The morning of our climb, we were collected by our team, a term not used lightly.  We expected a guide, a cook and maybe a porter or two.  We anticipated having to carry our own bags so we packed light.  What we were greeted with was completely different: 1 head guide–Antonis (who actually led Jimmy Carter and a throng of secret service officers on a climb in the 1980’s), 1 assistant guide–William, 1 cook—Edward, 1 waiter—Emanuel, 3 porters—Freddie, Dono and Raqueezi.  They picked us up in a van that we had to start by popping the clutch and we put-putted to the park entrance.  After two hours of waiting for the proper permits (still not sure if we ever got those), our team was packed and ready for action.  To pass the time, Joshua and I checked out the other climbers.  Several were outfitted in brand new gear, at least one had the specific Machame Route backpack.  Too many were wearing hiking shoes that they had never hiked in.  One was wearing all spandex.  How could we compete?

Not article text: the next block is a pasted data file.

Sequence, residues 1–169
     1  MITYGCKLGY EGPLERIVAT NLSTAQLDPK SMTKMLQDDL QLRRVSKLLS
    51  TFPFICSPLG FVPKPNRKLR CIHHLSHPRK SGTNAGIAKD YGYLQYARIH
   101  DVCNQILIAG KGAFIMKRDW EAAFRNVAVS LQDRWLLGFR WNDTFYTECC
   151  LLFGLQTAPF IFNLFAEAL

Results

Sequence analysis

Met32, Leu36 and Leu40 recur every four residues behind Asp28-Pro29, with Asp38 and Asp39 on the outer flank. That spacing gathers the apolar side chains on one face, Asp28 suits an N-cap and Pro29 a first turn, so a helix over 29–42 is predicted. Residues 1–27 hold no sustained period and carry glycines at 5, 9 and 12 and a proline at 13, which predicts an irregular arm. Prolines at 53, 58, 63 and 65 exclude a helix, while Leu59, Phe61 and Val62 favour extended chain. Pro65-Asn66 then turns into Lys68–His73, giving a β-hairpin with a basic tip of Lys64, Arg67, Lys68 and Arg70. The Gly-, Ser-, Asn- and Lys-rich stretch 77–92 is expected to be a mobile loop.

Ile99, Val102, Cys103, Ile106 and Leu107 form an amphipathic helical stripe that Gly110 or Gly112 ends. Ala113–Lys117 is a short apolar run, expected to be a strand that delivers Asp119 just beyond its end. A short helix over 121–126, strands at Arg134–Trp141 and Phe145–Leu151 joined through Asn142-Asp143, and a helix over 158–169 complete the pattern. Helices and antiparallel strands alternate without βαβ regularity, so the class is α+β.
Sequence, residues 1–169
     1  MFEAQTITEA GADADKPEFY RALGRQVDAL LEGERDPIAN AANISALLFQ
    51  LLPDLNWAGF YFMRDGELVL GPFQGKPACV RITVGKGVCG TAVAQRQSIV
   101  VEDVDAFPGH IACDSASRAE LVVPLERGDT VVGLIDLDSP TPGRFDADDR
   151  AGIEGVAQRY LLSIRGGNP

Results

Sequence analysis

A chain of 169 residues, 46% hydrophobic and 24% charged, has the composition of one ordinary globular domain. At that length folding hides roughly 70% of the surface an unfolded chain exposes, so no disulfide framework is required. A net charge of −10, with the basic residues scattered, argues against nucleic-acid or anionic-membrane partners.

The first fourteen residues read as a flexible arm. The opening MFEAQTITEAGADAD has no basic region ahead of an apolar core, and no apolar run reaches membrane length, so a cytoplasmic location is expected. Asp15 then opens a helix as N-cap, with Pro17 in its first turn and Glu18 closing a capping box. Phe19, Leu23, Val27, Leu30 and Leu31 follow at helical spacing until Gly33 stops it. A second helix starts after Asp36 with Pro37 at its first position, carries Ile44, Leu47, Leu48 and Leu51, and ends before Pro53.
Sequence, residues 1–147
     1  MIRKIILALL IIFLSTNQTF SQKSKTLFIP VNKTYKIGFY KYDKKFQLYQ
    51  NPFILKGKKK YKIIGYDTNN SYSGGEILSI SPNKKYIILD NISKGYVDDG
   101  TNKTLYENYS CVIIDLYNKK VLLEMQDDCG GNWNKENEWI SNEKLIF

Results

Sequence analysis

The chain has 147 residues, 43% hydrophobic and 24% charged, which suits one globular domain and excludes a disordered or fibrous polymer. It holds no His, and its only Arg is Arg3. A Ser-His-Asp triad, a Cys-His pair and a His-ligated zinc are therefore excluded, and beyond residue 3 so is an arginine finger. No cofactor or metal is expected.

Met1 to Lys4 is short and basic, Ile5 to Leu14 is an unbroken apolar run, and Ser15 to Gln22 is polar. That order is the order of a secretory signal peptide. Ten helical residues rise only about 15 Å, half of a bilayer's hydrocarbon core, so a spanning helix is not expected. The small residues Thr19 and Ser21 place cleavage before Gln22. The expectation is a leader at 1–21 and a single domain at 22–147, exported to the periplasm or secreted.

Neither of us brought shorts that short or boots that tall…dang.

Some were older than our parents and some were the size of both of our parents combined.  If 30% don’t make it to the top, we felt we were at a statistical advantage even if we were wearing the same clothes we’d been traveling in since the beginning of the trip (except for my universal party dress that I left at the hotel).

We took advantage of being poor travelers and drank the extra water people left behind as they filled their fancy camel packs.  How did we get to this point in our travels?  “You can never be too hydrated,” Sampson told us.